The word Diwali is derived from the Sanskrit word Deepavali, which means "a row of lamps." The festival is celebrated by lighting diyas (oil lamps) and candles all around the house and office. This symbolizes the victory of light over darkness and the triumph of good over evil. Diwali is a significant festival for Hindus all over the world. It is a time to celebrate the victory of good over evil, knowledge over ignorance, and hope over despair. The festival also marks the beginning of the new Hindu year.

Diwali is also celebrated to commemorate the return of Lord Rama to Ayodhya after defeating the demon king Ravana. Rama was exiled from Ayodhya for 14 years, and his return was marked with great joy and celebration. The people of Ayodhya lit diyas and decorated their homes to welcome him back. Another reason why Diwali is celebrated is to honor Lakshmi, the Hindu goddess of wealth and prosperity. People perform Lakshmi Puja on Diwali night to seek her blessings for wealth and good fortune.

Diwali is a time for families and friends to come together and celebrate. People clean and decorate their homes, buy new clothes, and prepare delicious food. On Diwali night, people gather to light diyas, perform Lakshmi Puja, and exchange gifts. Diwali is also a time for families and friends to come together and celebrate. It is a time to forgive and forget, and to start fresh. The festival is also a time to give and receive, and to spread joy and happiness. Diwali is also a time for giving back to the community. People donate to charities and help those in need. The festival is a reminder to be grateful for our blessings and to share them with others.

Diwali is celebrated with great enthusiasm and joy all over India. People start preparing for the festival weeks in advance. They clean their homes, decorate them with lights and rangolis, and buy new clothes. On Diwali night, people light diyas and candles all around their homes and offices. They also perform Lakshmi Puja to seek her blessings for wealth and good fortune. After the puja, people exchange gifts with their family and friends. People prepare delicious food and sweets, and share them with their loved ones.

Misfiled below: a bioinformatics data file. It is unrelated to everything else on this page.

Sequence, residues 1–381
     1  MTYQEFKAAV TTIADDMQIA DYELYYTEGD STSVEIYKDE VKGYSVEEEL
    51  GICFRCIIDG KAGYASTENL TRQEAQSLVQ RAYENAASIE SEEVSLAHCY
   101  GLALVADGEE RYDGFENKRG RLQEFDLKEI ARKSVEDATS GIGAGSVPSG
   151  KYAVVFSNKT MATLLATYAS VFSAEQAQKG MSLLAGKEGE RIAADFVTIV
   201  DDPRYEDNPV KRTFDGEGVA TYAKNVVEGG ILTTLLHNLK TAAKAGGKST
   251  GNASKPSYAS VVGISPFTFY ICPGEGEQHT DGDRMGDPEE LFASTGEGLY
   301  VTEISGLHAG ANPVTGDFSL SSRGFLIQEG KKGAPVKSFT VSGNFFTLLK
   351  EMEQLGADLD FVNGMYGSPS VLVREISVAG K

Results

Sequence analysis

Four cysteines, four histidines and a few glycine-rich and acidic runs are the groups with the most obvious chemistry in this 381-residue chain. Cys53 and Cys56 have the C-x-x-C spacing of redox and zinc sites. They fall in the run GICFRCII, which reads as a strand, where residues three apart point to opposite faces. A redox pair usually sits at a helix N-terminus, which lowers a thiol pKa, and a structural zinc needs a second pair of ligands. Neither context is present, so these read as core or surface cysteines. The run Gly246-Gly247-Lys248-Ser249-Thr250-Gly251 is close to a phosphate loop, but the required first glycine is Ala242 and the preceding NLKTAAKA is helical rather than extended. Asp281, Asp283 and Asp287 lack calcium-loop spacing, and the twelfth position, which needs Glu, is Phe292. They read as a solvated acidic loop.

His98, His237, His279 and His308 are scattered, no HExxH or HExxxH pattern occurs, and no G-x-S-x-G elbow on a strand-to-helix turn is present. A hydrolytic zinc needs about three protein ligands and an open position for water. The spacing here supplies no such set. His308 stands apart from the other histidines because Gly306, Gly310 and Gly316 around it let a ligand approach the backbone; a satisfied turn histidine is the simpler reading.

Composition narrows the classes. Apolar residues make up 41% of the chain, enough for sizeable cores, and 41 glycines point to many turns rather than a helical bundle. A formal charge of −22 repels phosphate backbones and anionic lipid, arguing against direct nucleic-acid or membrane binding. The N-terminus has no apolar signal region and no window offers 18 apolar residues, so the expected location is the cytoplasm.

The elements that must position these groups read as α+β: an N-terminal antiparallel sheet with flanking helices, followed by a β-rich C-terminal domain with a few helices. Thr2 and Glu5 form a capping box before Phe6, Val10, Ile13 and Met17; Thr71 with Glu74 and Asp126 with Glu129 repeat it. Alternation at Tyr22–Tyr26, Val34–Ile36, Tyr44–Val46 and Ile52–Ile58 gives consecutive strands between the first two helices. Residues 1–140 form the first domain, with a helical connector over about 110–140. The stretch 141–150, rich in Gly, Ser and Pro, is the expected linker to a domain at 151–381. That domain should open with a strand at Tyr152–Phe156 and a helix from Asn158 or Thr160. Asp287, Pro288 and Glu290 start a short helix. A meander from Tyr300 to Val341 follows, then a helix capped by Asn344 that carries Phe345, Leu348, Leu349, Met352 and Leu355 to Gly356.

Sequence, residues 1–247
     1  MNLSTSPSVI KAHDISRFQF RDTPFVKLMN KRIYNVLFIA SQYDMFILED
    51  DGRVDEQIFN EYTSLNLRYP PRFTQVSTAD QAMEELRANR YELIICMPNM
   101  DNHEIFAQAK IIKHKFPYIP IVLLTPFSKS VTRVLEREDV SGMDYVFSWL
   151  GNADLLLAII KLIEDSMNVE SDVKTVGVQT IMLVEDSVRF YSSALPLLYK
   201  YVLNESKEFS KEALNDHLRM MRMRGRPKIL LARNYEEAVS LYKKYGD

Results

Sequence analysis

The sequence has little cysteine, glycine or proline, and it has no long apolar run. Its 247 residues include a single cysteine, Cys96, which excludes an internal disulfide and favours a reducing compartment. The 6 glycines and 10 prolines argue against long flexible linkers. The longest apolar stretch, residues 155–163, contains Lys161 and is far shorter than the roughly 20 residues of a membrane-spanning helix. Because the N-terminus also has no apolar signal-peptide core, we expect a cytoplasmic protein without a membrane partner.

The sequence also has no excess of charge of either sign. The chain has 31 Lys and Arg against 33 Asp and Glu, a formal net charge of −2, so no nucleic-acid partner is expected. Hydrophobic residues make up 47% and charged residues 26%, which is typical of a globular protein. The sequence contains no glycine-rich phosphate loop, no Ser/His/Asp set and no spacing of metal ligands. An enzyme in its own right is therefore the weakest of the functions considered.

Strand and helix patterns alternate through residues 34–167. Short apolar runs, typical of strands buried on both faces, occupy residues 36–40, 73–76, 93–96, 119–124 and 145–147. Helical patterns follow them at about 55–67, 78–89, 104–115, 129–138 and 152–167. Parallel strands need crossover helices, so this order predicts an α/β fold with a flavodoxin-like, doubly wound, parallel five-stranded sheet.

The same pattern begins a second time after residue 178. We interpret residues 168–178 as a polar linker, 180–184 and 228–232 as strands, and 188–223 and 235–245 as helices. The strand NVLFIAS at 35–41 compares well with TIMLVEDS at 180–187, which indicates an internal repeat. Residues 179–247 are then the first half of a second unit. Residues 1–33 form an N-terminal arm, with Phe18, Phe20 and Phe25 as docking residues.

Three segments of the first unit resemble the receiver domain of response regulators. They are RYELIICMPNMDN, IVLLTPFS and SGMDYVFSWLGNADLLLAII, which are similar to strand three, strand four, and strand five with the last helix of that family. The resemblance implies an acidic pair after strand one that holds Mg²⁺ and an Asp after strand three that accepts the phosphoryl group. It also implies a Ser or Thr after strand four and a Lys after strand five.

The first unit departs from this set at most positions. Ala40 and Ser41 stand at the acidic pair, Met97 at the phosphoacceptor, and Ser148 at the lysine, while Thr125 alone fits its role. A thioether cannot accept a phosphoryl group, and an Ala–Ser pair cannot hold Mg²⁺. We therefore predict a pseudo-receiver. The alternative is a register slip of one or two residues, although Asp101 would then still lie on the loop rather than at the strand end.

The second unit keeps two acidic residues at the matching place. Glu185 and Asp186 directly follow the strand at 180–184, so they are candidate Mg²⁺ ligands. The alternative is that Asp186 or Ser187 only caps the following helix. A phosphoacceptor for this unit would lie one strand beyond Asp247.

In recent years, there has been a growing awareness about the environmental impact of Diwali celebrations. People are now more conscious about using eco-friendly ways to celebrate the festival.

Eco-friendly Diwali, also known as "Green Diwali," is an environmentally conscious approach to celebrating the festival of lights. It involves minimising the harmful environmental impacts associated with traditional Diwali practices. People choose to use eco-friendly alternatives, such as clay diyas (oil lamps) instead of electric lights, to reduce electricity consumption. Additionally, eco-friendly fireworks, which produce fewer pollutants and noise, are gaining popularity. Rangoli designs made from natural materials and organic, biodegradable decorations contribute to a cleaner and more sustainable celebration. Eco-friendly Diwali aims to preserve the environment, reduce air and noise pollution, and promote a more responsible and harmonious way of celebrating this cherished festival.

Paragraphs on Diwali

Diwali celebrations, five days of diwali, what are the five days of diwali 2023.

Day 1: Dhanteras, Friday, November 10, 2023

Day 2: Naraka Chaturdashi or Choti Diwali, Saturday, November 11, 2023 

Day 3: Diwali and Lakshmi Pooja, Sunday, November 12, 2023

Day 4: Govardhan pooja, Monday, November 13, 2023

Diwali 2023 Wishes in English

1. "May the festival of lights fill your life with happiness and prosperity. Wishing you a sparkling and joyous Diwali!"

2. "Happy Diwali! May your life be illuminated with the divine blessings of Lord Rama."

3. "Wishing you a Diwali filled with love, laughter, and all things bright and beautiful. Have a wonderful celebration!"

4. "Wishing you a safe and prosperous Diwali! Let the brightness of Diyas light up your world with success and happiness."

Why Do We Celebrate Diwali?

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  • How do we celebrate Diwali 10 lines? + On Diwali, people light diyas - earthen oil lamps and adorn their homes with colourful rangolis. We clean our homes and decorate it with flowers. Neighbours and families exchange gifts and sweets amongst each other as a symbol of good will, well being and best regards. Goddess Lakshmi and Lord Ganesha are worshipped on this day.